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Art of Record Production Conference
May 17-19, 2019
Berklee College of Music, 921 Boylston Street, Boston, MA 02215
berklee.edu/arp19
Saturday, May 18 • 10:00 - 10:30
Music Mind Map – a creative tool for music production

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Over the last decades, the game industry has become an increasingly important arena for music production. Earlier studies shows that interactive games requires music with a non-linear musical form[1] and to make it follow the intensity and the events in the game[2] it has to be adaptive. Through teaching adaptive music production I’ve discovered a potential for new tools to fill the gap between traditional Digital Audio Workstations (DAW) and middleware used for audio integration in games[3].

The aim of this study is to understand how music producers respond to a specific idea for such a tool - Music Mind Map[4] – an interactive mind map representing the structure of a composition. A prototype was built using the web based iMusic[5] technology and was tested by twelve music producers who reported their feedback through an online form.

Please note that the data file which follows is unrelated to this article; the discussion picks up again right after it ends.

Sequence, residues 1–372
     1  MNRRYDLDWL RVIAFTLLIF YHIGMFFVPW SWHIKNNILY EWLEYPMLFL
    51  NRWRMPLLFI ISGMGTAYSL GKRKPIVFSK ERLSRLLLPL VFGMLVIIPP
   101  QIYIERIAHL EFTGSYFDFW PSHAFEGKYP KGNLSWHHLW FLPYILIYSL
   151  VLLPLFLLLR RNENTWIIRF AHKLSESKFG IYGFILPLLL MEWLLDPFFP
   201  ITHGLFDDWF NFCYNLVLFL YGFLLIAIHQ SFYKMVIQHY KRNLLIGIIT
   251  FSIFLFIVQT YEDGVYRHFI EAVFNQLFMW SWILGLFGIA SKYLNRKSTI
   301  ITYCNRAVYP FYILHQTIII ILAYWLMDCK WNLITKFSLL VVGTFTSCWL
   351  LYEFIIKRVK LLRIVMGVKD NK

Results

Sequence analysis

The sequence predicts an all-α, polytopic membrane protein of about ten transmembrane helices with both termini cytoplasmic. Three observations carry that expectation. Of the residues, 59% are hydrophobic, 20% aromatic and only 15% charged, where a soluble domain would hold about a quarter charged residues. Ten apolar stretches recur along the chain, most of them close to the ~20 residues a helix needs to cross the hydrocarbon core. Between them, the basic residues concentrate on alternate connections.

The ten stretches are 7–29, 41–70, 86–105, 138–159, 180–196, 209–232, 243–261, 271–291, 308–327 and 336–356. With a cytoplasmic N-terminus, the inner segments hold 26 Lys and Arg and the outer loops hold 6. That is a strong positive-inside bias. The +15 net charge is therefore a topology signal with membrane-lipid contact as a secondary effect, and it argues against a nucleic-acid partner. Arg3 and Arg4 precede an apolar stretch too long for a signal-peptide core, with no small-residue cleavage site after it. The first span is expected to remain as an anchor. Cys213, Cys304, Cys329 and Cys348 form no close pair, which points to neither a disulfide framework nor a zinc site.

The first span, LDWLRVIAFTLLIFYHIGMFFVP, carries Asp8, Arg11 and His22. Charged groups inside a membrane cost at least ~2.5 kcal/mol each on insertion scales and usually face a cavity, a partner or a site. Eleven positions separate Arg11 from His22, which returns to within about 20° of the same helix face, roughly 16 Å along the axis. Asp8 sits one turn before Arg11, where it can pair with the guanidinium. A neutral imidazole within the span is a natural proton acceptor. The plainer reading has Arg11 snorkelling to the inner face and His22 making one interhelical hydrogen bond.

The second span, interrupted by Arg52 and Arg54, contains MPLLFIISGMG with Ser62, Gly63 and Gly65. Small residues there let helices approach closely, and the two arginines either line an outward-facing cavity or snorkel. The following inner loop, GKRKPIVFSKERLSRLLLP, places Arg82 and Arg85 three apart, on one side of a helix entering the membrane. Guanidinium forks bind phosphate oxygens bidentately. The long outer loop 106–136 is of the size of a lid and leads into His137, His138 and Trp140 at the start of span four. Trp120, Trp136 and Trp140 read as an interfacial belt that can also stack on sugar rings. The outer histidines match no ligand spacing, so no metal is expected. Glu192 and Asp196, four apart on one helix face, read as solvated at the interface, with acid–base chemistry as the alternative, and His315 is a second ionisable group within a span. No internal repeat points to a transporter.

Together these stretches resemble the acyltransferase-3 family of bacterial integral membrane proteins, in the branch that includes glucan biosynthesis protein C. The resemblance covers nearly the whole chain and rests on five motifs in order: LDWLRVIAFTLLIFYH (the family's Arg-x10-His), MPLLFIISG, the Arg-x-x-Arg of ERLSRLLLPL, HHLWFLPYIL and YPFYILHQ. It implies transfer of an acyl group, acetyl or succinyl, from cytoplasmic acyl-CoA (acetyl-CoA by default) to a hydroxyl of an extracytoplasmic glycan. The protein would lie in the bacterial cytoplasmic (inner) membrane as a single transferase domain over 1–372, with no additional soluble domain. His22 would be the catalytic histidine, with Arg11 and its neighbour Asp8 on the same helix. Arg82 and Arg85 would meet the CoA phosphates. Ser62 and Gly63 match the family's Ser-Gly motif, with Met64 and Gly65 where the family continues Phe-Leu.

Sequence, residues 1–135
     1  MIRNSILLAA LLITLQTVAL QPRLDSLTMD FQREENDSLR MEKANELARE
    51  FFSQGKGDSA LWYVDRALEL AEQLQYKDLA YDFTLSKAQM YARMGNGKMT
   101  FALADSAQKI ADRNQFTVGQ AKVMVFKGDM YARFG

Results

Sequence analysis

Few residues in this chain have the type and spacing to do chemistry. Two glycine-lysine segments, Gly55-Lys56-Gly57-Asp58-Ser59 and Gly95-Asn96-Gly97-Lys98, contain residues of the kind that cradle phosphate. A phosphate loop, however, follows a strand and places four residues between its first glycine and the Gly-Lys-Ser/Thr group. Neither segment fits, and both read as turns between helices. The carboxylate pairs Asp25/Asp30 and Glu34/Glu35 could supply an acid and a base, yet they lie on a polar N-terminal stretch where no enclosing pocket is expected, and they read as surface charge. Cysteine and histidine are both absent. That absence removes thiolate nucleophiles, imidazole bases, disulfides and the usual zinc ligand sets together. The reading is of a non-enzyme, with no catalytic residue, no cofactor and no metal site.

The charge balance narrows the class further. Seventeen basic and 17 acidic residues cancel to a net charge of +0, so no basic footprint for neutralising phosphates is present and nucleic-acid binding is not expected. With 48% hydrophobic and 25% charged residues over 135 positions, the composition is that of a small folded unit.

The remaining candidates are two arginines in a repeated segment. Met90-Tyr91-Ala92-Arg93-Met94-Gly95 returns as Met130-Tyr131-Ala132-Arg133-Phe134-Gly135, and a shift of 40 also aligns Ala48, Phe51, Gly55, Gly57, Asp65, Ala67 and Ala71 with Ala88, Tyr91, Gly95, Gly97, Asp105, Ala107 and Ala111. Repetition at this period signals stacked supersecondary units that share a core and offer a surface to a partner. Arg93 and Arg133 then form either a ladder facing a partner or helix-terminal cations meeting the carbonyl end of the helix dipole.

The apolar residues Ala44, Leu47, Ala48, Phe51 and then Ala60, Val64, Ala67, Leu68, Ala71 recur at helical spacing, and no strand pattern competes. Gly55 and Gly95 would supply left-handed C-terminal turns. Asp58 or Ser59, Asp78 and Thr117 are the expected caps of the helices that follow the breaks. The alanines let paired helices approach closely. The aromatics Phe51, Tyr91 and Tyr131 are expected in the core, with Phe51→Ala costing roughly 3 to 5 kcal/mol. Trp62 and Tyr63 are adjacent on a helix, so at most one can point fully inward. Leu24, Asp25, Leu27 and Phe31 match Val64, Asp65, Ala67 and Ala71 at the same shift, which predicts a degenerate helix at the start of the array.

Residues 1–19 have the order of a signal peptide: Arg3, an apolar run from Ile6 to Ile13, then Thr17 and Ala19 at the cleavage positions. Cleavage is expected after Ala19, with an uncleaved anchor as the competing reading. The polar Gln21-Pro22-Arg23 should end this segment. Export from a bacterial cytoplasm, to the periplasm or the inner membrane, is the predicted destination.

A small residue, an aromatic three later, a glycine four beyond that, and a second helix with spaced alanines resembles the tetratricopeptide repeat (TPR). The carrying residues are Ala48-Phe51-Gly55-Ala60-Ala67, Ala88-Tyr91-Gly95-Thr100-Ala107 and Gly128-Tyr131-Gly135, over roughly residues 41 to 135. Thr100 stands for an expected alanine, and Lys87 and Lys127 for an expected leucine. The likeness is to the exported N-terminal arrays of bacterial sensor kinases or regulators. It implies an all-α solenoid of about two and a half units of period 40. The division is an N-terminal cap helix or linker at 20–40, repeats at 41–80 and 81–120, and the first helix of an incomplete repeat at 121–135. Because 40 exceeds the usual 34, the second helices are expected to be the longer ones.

The result indicates that most participants found the music mind map interesting and useful for organizing, getting a better overview and testing the different parts of a composition. My hypothesis was that they would primarily find it best suited for game music but the answers I got indicates that they find it useful for traditional compositions as well. Suggestions for improvements generally focused on a better graphical interface with more complex connections and more nodes visible at the same time.

My conclusion is that it would be valuable with further studies on how new technical solutions like the music mind map could help music producers being even more creative and productive.

References:
1. K. Collins. 2008. “Game Sound : An Introduction to the History, Theory, and Practice of Video Game Music and Sound Design”. Cambridge: MIT Press
2. A.-P. Andersson and B. Cappellen, “Same but different: Composing for interactivity”. Audio Mostly Conference, 2008, (p80–85).
3. N Böttcher. 2013. “Current problems and future possibilities of procedural audio in computer games”.
Journal of Gaming & Virtual Worlds 2013. (p215-234)
4. H. Lindetorp 2018. ” MusicMindMap”. http://momdev.se/hans_lindetorp/musicmindmap
5. H. Lindetorp. 2018. “iMusic”. https://github.com/hanslindetorp/imusic

Speakers
avatar for Hans Lindetorp

Hans Lindetorp

Royal College of Music
My research focuses on music production for interactive media, like games, VR or interactive installations. My aim is to contribute with knowledge to the design field of new music technology for music production and integration. My special interest is the challenge to use recordings... Read More →



Saturday May 18, 2019 10:00 - 10:30
Classroom 511 (5th floor) 921 Boylston St, Boston, MA 02215, USA

Attendees (14)